“Another consequence: since I never take back what I have given, my papers would of course remain the property of UCI and the Special Collections department of the library. However, it goes without saying that the spirit in which I contributed to the constitution of these archives (which is still underway and growing every year) would have been seriously damaged. Without renouncing my commitments, I would regret having made them and would reduce their fulfillment to the barest minimum. I could no longer promise the work, devotion, and good will that I believe I have always demonstrated, wholeheartedly and enthusiastically, toward the operation of these archives meant for researchers who, from Irvine and from elsewhere, are already working there and could be working there more and more in the future — but always, as stipulated in the gift contract, with my authorization and after I have approved their request. This authorization would become increasingly selective and infrequent.”
Kujundzic violated university policy when he engaged in sexual encounters with his student — the same policy that is designed to prevent sexual harassment. The surviving grad student sued for $100,000, which Kujundzic payed $20,000 of the settlement out of his own pocket.
At the time, Kujundzic claimed the sexual encounters, of which there were four, were consensual; however, the fact that they were consensual is irrelevant. This is evident in itself with the sheer fact that Kujundzic and the university settled with the student. But it is also important to note that there is no such thing as consensual sexual relations in a relationship where one participant has significant power over the future of the other. To put it bluntly, this was a coercive encounter.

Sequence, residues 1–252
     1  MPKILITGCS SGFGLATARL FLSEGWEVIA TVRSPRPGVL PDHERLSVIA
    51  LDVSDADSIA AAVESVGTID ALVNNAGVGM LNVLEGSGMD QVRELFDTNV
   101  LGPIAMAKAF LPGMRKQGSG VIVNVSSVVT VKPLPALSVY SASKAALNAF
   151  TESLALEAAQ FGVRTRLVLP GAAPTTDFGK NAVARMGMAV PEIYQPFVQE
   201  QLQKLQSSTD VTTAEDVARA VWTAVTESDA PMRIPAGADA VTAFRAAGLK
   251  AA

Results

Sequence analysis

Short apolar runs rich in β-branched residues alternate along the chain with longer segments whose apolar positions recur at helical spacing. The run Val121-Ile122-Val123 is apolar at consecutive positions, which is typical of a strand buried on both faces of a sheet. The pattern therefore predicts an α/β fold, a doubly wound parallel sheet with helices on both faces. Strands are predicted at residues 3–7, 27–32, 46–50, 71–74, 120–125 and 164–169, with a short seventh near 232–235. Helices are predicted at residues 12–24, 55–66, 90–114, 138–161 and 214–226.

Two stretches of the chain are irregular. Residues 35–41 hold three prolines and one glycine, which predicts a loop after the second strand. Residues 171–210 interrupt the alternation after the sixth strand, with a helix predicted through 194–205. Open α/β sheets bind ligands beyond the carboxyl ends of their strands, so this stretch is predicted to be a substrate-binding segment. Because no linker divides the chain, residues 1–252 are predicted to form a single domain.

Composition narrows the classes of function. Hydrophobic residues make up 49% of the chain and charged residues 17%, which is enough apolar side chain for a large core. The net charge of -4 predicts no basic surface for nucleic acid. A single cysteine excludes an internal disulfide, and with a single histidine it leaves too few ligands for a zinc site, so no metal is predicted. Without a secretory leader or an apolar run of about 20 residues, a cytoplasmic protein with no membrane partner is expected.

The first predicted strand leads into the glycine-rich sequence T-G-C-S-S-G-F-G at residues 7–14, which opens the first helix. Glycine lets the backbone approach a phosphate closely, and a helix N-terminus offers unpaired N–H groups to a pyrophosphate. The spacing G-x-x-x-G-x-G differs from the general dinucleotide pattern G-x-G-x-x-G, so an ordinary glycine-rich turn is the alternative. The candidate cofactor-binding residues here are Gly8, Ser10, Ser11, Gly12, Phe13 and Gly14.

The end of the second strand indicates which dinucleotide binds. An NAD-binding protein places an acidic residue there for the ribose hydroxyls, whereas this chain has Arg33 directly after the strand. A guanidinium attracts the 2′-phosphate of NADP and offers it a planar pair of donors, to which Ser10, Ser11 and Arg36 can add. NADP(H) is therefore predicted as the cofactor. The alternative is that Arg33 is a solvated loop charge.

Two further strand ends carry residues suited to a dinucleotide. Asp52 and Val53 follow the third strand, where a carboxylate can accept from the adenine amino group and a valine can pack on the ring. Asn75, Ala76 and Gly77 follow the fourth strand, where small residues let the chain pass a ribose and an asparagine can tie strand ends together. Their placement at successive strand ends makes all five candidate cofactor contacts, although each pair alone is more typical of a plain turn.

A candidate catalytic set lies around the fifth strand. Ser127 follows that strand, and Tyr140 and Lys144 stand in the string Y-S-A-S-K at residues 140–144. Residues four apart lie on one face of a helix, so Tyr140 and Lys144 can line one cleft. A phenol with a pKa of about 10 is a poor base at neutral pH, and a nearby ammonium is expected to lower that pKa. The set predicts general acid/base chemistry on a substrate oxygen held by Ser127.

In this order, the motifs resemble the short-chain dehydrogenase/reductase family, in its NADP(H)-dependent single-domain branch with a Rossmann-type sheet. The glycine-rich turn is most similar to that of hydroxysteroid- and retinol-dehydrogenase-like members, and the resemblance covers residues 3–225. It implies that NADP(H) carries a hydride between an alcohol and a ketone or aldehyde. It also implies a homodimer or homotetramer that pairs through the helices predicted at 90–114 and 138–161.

To UCI’s credit, Kujundzic was demoted, dismissed from the campus for two quarters, and ordered to enroll in sexual harassment counseling. Thus, his move to the University of Florida does seem opportune.
When Cicerone responded to Derrida with a letter of neutrality, Derrida wrote the Dean of Humanities, Karen Lawrence:
“On the other hand, I confirm with as much clarity as the first time that if the decision taken with regard to Dragan does not seem to me to conform to what I believe to be my professional ethic and that of a university worthy of the name, I will not participate in any conference devoted to me, at any date whatsoever, at the University of California, Irvine.”
We must realize, those in support of such repugnant behavior, too, must answer for their discretion. Derrida made it clear where he stands, and that is on the side of sexual assault. The people who support sexual misconduct also assist in perpetuating an atmosphere of indecency and fear towards survivors in all its forms.
Derrida’s defense of Kujundzic is inexcusable because the professor knew of the consequences. It is important to question the ethical implications of a major figure in literary theory, who openly used his work as capital in order to subvert a university policy designed to prevent sexual harassment. The facts of the case not only cast a dark shadow on the philosopher’s name, but the awakening of these recent revelations could also pose troubling consequences for the legacy of Jacques Derrida.